I’m not a professional photographer by trade but I have a pretty decent mid-range camera, plus a few nice pieces of glass. I take pictures of products several times a week, I edit them in Lightroom and/or Photoshop so I think I’ve got enough background to warrant trying out the new NIK Collection 4 plugin for Photoshop & Lightroom.
For those of you unaware, the NIK Collection is a plugin, with a number of different elements to it, to help assist, improve and offer more editing options within Lightroom & Photoshop, than the stock features. The NIK Collection has been created by DxO and if you hadn’t guessed, this is the 4th collection, so if you’ve got collection 3, you get a discounted upgrade price of £54.99. If you’re buying it for the first time, you can pick it up for £88.99. Both prices are introductory until June 30th, when they will then increase.
Before I get into using the plugin, a few points on whats provided.
- 8 categories within the plugin, offering upto 250 presets
- U Point technology for specific, pin point editing
- New user friendly interface and workflow
- Meta Presets, Adobe Photoshop actions that combine the filters and settings of several Nik Collection plugins into one
To use the plugin, you need to download it, install it and activate the licence. You’re then good to go and you can open up either program and start using it. Every time you open said program, the plugin will load up automatically (unless you tell it otherwise) and it will appear in the top right-hand corner, or at least it did for me. You’ve then got various categories to browse through and play with. Each category will do something different, editing colour, exposures, noise reduction, effects, presets and filters.
Click on whichever one you want and then another window will pop up, showing your photo and then that specific plugin. You can then do your thing within that specific area and edit your image. As an example, I went into the HDR Efex Pro 2 option, I hit the compare button (so I can see the original image and the modified image next to each other), and then I went through the different presets to find something I liked. Once you find something you kind of like, you can then tweak various settings with sliders. Within the HDR option, I could change tone compression, tonality and colour by sliding percentages up and down.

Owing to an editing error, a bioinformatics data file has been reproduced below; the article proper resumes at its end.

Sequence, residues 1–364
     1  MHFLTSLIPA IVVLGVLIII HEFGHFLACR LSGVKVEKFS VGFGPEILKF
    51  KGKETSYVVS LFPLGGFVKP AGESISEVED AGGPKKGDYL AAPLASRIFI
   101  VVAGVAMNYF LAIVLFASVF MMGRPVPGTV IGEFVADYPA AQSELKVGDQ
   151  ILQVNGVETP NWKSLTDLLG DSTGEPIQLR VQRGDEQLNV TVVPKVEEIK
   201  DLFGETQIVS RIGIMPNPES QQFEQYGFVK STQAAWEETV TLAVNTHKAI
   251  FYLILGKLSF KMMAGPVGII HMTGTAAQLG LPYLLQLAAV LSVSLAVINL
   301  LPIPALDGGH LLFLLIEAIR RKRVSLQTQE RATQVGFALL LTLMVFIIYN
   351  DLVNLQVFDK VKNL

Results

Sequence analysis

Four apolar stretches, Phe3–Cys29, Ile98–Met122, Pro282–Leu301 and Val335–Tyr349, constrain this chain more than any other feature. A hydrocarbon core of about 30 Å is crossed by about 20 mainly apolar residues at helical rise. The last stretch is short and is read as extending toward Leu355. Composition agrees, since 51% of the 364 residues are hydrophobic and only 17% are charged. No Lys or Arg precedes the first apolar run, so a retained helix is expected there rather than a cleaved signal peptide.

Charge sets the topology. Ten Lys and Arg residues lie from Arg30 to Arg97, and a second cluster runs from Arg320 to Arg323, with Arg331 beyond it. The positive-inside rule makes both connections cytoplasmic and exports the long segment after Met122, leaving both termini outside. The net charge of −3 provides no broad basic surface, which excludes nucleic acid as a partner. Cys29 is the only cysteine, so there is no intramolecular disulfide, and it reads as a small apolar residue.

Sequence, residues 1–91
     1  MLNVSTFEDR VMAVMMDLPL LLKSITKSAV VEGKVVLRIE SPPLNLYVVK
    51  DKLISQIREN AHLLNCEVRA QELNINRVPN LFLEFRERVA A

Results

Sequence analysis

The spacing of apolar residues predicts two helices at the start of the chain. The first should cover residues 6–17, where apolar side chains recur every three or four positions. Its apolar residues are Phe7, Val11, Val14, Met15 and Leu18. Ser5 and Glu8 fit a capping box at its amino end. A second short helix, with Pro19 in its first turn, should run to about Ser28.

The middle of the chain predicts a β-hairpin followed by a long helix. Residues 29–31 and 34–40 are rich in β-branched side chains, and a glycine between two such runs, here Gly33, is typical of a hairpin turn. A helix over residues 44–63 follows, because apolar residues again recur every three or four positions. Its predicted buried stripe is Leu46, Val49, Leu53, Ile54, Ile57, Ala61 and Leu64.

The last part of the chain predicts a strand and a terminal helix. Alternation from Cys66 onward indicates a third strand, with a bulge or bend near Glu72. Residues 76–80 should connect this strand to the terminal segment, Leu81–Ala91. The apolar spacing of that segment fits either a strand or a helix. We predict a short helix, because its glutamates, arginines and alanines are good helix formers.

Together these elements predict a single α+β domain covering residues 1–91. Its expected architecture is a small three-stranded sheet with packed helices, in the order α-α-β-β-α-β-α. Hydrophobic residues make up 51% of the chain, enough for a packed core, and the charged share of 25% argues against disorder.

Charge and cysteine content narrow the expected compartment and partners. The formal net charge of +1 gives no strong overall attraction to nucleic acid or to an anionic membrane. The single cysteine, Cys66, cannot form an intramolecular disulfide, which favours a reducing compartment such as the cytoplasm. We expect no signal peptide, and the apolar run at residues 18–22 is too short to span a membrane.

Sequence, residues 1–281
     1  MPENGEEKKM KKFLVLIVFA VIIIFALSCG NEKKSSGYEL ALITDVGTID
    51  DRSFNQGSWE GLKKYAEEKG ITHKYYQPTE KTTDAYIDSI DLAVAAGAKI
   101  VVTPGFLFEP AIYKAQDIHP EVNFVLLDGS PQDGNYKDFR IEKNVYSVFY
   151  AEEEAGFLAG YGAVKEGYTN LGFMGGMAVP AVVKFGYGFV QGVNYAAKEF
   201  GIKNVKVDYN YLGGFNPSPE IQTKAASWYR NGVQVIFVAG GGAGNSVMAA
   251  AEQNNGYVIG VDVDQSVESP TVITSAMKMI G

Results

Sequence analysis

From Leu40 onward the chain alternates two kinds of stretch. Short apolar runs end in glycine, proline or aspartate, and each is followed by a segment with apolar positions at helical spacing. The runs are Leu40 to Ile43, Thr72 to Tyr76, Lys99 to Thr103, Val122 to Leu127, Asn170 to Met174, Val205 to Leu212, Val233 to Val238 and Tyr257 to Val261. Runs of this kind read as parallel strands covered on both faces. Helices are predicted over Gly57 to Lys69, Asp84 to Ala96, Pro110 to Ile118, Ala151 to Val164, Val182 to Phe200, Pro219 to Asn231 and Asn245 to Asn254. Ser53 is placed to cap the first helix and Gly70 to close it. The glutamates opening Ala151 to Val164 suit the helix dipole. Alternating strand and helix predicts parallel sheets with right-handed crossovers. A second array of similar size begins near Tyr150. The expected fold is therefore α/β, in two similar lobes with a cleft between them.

Now, the above works for the entire image but what this collection can also do, is edit just a specific area of the photo with the U Point option. When you’re in a category window, hit the control point button and click somewhere on your photo. This will show up a circle on the screen, make it smaller, larger, change the opacity and then select the preset or setting to use within the circle. This is great if you wanted to work on someone’s face or a specific product in a shot.
U Point™ technology, the first system to allow users to apply local adjustments without masks, has revolutionized photo editing. Nik Collection 4 now makes it possible to incorporate Control Points into personalized presets.
That means photographers can apply a similar style to several images while still preserving a specific area. For example, users can choose to apply a colour effect as well as a blurred background to several portraits. U Point™ technology also includes a new Colour Tolerance setting so photographers can regulate the saturation of a specific tone range. Users can not only select the colour they want to change, but also adjust the tolerance of similar colour hues. Lastly, Control Points have been made easier to use than ever. This feature now includes fewer sliders, making the applied effect easier to view, and can be renamed so users can craft an optimized workflow experience.
Performance-wise, I found the software a little sluggish, clicking on a category and it opening another window, it could be quicker but my PC is a couple of years old now, it may be quicker on a higher spec PC. As for what’s on offer, I’ve only scratched the surface and I could get into a lot of detail as this is a very sophisticated plugin with more options than you probably need. Being a first time user, it is somewhat pick up and play but I felt more confident, with processes were flowing better after using it for a few hours. I’m several hours in now, thoroughly enjoying it and the fine-tuning I can achieve with my photos is great.
For more info and to purchase, head over to the official NIK Collection webpage.